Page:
Wrongful-Death Suit Filed Against County; Paramedics Lacked Skills, Refused Aid, Man’s Widow Says

Home /  Articles /  Wrongful-Death Suit Filed Against County; Paramedics Lacked Skills, Refused Aid, Man’s Widow Says

Wrongful-death Suit Filed Against County; Paramedics Lacked Skills, Refused Aid, Man’s Widow Says

Winston-Salem Journal

(c) Copyright 2001 Winston-Salem Journal. All rights reserved.

Wednesday, December 5, 2001




A Winston-Salem woman filed a wrongful-death lawsuit yesterday, charging that Forsyth County paramedics improperly inserted a breathing tube into her husband and failed to allow a doctor at the scene to help them.

Mary P. Matthews, the wife of the late Robert B. Matthews, filed the lawsuit in Forsyth Civil Superior Court as the administrator of her husband’s estate. Mary Matthews is suing for more than $20,000 in damages to pay for medical expenses, funeral costs and other financial losses, according to the lawsuit.

The lawsuit made the charges against Forsyth County and the Forsyth Emergency Medical Services, the agencies listed as defendants. The Winston-Salem Journal also reported the incident in January 2000.

Mary Matthews and her husband were walking along Hawthorne Road on Dec. 5, 1999, when Robert Matthews had a heart attack. Dr. Paul Rieker, who was then an anesthesiology resident at Wake Forest University Baptist Medical Center, stopped to help.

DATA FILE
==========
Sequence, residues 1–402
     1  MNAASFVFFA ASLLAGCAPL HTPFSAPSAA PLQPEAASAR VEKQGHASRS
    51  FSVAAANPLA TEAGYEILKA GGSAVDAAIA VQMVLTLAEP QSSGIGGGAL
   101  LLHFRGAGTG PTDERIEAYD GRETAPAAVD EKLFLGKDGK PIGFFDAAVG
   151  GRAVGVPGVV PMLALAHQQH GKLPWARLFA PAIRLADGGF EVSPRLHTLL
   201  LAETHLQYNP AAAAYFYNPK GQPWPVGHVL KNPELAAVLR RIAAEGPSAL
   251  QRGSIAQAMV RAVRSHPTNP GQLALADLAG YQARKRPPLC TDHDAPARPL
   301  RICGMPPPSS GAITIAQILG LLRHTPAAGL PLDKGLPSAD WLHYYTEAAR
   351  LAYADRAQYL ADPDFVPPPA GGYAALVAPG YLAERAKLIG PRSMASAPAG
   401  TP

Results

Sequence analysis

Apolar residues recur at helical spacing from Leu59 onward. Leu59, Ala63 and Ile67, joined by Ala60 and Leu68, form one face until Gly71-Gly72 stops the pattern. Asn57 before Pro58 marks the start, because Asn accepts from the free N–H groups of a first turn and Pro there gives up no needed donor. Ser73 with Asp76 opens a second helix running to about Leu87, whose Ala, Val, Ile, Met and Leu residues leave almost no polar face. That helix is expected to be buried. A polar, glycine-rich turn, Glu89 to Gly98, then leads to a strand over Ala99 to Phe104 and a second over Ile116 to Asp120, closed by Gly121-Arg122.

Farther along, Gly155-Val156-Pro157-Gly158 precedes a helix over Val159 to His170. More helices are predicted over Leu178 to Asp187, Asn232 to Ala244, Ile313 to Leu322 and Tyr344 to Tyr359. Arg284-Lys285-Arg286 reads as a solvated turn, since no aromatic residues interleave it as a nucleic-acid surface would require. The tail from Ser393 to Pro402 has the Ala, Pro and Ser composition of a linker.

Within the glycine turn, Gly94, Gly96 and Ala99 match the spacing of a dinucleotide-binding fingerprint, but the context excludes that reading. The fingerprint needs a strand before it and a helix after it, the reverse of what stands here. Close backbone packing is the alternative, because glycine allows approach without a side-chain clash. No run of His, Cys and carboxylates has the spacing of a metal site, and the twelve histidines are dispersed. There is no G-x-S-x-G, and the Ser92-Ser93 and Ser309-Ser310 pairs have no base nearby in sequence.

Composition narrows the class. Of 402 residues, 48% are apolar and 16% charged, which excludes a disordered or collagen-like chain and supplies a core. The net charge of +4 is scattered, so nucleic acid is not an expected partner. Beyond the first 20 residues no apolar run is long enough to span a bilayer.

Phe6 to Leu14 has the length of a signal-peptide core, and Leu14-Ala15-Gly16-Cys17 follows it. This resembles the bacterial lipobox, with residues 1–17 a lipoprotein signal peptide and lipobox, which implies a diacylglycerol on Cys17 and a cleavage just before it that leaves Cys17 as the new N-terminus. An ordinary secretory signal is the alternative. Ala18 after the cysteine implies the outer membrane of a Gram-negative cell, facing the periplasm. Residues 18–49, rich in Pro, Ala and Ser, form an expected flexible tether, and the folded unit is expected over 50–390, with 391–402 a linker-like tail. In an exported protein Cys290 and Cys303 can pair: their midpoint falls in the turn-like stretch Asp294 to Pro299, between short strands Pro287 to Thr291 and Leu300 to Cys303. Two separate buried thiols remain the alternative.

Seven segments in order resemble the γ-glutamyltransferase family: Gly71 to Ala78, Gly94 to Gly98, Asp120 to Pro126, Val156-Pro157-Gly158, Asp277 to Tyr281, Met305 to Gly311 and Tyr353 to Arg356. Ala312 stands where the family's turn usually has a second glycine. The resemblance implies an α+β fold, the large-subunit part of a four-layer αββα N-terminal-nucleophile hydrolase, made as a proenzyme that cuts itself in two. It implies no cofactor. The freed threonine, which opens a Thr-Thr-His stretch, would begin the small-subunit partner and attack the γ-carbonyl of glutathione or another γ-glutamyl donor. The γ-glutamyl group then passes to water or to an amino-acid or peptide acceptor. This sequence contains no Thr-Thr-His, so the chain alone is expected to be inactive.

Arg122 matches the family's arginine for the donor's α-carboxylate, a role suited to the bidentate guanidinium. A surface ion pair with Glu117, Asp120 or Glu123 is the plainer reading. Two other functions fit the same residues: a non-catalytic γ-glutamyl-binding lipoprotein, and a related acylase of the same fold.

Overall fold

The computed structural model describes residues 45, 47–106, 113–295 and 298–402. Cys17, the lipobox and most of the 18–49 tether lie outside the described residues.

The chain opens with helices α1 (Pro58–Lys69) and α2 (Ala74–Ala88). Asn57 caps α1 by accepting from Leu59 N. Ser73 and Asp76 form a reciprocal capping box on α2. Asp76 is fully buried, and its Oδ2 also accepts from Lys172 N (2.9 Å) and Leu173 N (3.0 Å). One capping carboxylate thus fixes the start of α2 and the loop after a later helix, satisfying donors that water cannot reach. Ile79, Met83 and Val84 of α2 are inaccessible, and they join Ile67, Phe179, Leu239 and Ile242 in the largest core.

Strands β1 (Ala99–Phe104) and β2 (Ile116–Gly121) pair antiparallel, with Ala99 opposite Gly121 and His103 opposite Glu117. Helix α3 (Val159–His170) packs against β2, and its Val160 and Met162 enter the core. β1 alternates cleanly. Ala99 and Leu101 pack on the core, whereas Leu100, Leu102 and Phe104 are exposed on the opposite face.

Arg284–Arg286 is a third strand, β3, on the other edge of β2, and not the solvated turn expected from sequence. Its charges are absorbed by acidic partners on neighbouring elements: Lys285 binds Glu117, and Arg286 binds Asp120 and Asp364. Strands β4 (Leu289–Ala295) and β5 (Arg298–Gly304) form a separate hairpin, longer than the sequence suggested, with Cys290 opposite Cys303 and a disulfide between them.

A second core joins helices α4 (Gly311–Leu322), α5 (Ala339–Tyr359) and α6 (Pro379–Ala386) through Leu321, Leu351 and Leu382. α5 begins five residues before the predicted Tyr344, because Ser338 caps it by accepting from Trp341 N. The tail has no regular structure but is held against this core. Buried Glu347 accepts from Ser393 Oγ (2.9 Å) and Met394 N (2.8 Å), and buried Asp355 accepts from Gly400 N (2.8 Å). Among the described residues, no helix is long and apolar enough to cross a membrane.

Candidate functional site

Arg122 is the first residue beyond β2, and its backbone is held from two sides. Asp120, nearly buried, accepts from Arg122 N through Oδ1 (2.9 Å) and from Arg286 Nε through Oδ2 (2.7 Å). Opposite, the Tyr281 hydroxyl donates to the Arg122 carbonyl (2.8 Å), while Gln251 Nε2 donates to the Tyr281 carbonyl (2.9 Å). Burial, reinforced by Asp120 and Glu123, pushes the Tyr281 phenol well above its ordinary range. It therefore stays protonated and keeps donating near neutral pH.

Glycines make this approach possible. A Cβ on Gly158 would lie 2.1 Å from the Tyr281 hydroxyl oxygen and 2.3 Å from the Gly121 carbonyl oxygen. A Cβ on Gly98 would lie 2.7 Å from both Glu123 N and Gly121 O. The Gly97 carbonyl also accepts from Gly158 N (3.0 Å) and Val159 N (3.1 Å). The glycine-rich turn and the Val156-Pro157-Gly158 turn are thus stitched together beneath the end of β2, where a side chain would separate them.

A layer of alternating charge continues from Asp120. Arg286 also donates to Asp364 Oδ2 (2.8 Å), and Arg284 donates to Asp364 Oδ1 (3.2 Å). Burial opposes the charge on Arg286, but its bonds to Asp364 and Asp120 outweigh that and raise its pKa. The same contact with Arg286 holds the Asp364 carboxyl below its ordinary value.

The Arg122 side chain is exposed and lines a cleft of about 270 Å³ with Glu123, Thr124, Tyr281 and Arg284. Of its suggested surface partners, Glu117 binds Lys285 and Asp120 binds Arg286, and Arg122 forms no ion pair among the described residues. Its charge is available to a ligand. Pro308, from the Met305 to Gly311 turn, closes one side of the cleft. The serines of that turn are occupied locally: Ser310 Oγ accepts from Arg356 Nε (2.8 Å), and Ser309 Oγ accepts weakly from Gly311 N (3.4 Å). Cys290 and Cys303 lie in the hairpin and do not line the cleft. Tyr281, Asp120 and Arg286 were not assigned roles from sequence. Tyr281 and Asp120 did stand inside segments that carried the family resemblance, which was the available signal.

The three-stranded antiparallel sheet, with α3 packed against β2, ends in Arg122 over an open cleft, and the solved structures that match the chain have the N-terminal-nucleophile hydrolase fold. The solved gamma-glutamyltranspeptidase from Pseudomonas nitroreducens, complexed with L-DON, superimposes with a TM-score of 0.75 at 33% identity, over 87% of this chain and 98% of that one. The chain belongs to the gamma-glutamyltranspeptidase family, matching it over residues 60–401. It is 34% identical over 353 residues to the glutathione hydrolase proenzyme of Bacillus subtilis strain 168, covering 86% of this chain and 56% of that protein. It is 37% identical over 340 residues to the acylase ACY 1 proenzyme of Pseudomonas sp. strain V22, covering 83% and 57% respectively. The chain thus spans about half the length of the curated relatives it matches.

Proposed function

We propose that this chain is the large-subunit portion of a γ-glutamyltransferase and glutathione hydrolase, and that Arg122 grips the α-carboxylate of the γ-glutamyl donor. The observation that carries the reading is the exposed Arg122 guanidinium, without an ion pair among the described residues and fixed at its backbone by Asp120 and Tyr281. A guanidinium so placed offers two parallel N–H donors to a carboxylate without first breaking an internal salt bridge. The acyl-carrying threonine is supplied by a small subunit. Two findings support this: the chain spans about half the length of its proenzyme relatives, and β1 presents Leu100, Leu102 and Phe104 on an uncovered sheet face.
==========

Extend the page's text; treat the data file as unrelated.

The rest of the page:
Rieker tried to revive Robert Matthews and stayed with him until paramedics with the Forsyth County Emergency Medical Services arrived. The paramedics tried to insert a breathing tube into Matthews’ lungs, but they had difficulty performing the procedure.

Rieker offered to help the paramedics and told them that he was an anesthesiologist. But the paramedics repeatedly refused Rieker’s offers of help.

The paramedics made several unsuccessful attempts to place the breathing tube through Robert Matthews’ trachea.

Rieker was later arrested by Winston-Salem police officers, but a county magistrate didn’t file any charges against him. The paramedics and police said that Rieker didn’t show proper identification as the paramedics were trying to revive Matthews.

Matthews was taken to Forsyth Medical Center, where emergency workers noticed that the breathing tube had been inserted in Matthews’ esophagus rather than in his trachea or windpipe.

The esophagus carries food to the stomach and the trachea carries oxygen to the lungs. Robert Matthews died at the hospital at 4:12 p.m.

The lawsuit alleges that the paramedics and the county supervisors were negligent because paramedics lacked the training and skills to insert a breathing tube into a patient, they failed to notice that they improperly inserted the breathing tube in Matthews, and they refused Rieker’s offer of help without checking his credentials.

County Manager Graham Pervier declined to comment. County attorney Davida Martin said that she hadn’t seen the lawsuit and also declined to comment.

In a previous interview, county officials said that paramedics followed the rules when they refused Rieker’s help and that they gave Matthews proper medical care.

Wade Byrd of Fayetteville, one of Mary Matthews’ attorneys, said that Rieker knew that the paramedics had incorrectly inserted the breathing tube.

“That is why he was making a fuss,” Byrd said. “He was doing all he could to help and being a good Samaritan. He didn’t get a lot for his efforts.”

Contact Us

"*" indicates required fields

This field is for validation purposes and should be left unchanged.